OK, so I manage the PPC campaigns for Magazineline, and we sell popular consumer magazine titles, including Harper's Magazine and Harper's Bazaar. Those two aren't top sellers - not tiny, but not top sellers. So, around June 29 , I notice that our top PPC keywords are "harpers bazaar," and "harpers" and "harper bazaar" and various misspellings thereof. Huh?

Well, then it hit me. I had a vague recollection of seeing a news item about Britney Spears appearing nude in some magazine. "Some magazine" turned out to be - you guessed it - Harper's Bazaar. So of course half the world's population wants to see the pics online, and they're typing in the name of the magazine. Or something close, but not quite (hello, people - Harper's Magazine ain't the same thing as Harper's Bazaar!). And a few of those millions are clicking on our PPC ads. Never mind the fact that the ads make it clear we're selling SUBSCRIPTIONS to the magazine - naw, why bother reading an ad when I can just click on it?

The good news is, I realized this right away and was able to minimize our losses by adding a ton of negative keywords, and in most cases, pausing the ads entirely until the storm blew over - which took less than a week, by the way. Many lessons to learn here:

A. Watch your PPC campaigns like a hawk. Note and investigate any anomalies immediately. Sometimes you have to do a little digging - trust me, it's worth it.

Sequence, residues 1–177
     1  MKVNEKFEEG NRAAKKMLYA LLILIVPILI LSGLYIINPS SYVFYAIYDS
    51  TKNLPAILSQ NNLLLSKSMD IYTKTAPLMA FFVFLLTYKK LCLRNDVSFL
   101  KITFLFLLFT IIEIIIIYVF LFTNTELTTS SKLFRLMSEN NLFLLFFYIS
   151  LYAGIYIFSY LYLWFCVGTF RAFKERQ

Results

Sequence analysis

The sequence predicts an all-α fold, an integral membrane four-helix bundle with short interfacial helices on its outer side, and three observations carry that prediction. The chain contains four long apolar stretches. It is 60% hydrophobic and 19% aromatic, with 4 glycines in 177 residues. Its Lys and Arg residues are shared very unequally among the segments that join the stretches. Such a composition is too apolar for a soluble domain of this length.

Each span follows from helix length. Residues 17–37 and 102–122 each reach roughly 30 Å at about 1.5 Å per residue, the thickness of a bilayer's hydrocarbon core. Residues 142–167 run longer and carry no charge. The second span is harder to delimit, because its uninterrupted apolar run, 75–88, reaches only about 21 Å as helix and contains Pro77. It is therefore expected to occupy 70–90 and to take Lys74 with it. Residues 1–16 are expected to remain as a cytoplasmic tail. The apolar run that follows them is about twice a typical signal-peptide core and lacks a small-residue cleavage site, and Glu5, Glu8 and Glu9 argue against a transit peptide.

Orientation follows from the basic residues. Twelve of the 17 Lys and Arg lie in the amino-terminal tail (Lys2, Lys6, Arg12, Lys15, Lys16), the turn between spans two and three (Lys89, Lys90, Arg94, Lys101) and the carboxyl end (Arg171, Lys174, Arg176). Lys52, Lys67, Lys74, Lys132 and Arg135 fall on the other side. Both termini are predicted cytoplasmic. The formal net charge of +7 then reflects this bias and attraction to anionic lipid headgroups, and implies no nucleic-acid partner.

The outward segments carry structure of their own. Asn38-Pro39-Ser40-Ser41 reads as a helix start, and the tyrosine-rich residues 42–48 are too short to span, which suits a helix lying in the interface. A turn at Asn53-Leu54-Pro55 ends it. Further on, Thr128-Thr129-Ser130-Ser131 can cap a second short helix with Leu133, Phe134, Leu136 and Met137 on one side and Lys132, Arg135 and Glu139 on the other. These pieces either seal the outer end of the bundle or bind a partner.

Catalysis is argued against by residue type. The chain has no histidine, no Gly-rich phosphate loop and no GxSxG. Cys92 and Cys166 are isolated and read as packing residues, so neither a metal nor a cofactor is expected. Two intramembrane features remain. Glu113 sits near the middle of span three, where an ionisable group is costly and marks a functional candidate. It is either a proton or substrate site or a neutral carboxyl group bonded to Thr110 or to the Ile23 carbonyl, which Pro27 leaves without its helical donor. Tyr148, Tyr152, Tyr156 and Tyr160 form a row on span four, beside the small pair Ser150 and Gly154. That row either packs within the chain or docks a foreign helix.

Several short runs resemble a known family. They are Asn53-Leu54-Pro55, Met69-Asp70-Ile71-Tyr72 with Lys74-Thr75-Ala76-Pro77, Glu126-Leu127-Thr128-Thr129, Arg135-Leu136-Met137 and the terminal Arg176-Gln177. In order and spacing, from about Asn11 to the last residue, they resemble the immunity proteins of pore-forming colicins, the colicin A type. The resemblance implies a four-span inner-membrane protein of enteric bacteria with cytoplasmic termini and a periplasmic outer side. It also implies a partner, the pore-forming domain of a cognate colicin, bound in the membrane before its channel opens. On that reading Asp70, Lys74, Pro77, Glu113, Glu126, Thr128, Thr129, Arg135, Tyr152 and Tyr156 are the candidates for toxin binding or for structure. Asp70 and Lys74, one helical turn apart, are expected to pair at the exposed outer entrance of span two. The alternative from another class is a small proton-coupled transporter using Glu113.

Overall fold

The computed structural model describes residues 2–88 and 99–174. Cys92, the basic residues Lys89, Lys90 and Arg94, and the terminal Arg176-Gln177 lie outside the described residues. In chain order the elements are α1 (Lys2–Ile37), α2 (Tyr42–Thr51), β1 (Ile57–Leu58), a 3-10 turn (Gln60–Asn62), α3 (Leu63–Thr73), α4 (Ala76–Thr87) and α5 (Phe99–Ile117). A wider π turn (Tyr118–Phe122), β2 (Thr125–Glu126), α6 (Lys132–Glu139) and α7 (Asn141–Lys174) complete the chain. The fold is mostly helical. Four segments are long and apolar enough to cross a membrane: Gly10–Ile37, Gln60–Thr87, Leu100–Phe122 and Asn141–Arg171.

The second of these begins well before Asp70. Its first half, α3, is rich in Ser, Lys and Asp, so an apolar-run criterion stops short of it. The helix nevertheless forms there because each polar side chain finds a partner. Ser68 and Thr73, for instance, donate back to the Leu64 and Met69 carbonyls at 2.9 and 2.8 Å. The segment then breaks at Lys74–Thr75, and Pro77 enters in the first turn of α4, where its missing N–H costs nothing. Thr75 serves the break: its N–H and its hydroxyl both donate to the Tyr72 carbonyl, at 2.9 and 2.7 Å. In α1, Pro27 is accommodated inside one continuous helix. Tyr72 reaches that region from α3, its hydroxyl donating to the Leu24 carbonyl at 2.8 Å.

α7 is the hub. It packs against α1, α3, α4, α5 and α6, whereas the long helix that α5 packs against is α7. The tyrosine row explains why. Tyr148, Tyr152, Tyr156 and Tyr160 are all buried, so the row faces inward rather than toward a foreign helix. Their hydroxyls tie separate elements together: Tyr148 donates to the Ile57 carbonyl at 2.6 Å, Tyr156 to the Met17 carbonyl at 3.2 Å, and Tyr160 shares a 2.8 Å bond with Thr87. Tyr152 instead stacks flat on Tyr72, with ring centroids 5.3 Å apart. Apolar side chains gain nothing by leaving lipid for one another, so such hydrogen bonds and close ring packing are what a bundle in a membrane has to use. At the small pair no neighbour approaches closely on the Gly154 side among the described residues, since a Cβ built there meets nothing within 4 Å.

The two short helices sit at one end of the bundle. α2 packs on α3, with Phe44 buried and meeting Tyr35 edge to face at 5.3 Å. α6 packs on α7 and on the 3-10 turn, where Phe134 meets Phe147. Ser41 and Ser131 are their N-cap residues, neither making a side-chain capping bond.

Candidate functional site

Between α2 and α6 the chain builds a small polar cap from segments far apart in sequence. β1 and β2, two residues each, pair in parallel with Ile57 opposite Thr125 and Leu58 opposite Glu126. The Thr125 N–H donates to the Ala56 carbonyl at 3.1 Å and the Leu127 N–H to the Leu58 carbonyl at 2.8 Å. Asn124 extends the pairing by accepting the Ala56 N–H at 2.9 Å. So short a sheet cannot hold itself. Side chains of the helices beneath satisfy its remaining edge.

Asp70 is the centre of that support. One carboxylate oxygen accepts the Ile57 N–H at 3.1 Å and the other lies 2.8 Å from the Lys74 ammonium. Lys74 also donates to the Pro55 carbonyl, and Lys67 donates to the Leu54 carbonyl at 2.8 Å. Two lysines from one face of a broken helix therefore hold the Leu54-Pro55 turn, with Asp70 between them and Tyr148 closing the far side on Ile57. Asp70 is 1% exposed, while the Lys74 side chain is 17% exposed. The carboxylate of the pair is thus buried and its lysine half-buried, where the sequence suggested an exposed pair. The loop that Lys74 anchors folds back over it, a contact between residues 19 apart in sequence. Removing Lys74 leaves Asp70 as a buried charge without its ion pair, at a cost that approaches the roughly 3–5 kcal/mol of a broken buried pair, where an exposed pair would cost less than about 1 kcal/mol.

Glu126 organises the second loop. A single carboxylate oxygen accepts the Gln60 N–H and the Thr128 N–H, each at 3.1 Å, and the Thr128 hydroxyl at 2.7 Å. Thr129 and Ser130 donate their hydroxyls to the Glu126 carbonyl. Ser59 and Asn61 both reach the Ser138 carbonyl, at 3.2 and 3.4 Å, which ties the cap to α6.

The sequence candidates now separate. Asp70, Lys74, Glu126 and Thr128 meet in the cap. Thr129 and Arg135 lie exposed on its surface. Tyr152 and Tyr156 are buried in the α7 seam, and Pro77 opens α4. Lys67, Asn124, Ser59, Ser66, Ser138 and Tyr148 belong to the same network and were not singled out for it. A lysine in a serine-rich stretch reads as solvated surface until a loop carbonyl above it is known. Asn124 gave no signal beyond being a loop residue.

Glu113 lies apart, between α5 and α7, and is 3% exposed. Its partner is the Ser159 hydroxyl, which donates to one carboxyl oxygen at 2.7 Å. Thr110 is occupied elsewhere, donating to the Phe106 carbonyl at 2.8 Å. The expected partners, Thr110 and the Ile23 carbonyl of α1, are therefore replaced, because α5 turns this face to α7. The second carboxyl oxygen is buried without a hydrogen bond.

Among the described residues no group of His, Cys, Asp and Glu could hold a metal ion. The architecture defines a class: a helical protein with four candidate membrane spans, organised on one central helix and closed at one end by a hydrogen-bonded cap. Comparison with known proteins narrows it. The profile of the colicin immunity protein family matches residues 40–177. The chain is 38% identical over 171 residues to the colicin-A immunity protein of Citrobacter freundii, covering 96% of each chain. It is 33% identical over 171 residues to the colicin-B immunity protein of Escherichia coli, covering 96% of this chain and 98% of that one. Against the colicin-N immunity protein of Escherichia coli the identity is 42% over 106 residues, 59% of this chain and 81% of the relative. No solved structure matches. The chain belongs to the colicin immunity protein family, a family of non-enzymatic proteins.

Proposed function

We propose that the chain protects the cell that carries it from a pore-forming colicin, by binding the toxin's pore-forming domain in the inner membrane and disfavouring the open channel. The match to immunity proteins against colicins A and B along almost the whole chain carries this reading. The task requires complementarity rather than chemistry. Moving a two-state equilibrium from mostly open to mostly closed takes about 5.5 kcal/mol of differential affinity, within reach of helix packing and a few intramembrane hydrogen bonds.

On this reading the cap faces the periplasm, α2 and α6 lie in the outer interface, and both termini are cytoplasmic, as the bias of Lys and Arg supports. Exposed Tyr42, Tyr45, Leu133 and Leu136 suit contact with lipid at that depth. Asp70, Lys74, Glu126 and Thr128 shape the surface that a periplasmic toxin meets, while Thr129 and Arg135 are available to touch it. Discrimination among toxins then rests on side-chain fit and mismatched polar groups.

B. People don't read. I know, news flash, right? Well, generally, the wording of our ads deters the "happy clickers" who are looking for content and/or photos - but these were more than happy clickers. The hot pursuit of Britney naked (and pregnant, no less) apparently blinds even the usually savvy searchers to ad copy.
C. People can't spell. I had no idea how many variations of "bazaar" there are out there. I'd thought of a few, but I got a lot more ideas from the search terms in this frenzy. My favorite? "Harpers Bizarre." Bizarre, indeed.
D. What looks like click fraud, might not be click fraud after all. When I saw the volume of clicks on these terms, my mind immediately went to "Fraud." Looking at the referral data, though, quickly indicated otherwise - referrals were from the engines themselves, not crummy partners; and all 3 of the bigs experienced spikes at almost the exact same time. That's almost never fraud. More likely, it's a naked pregnant famous person.

Still, the amount of money this cost us left me looking for someone to blame. But who?
A. The engines? This time, it really wasn't their fault. They were serving up ads that matched the queries people were entering.
B. Me? Never! Seriously... these were tried-and-tested ads and keywords with a track record.
C. The searchers? No. Although they may be foolish, or stupid, or just plain, well, curious, it's not their fault either (except the aforementioned "I can't read ad copy" issue).
So, who's left? Britney? Yep, I blame Britney. That's it. It's her fault. Shame on you, Brit, for trying to revive your flagging career (did she even have a career in the first place?) by posing naked and pregnant. And just so you know, it's already been done - by Demi Moore in Vogue, years and years ago. But that didn't slow the curiosity of the masses, did it? Sigh. I guess people have short memories, too.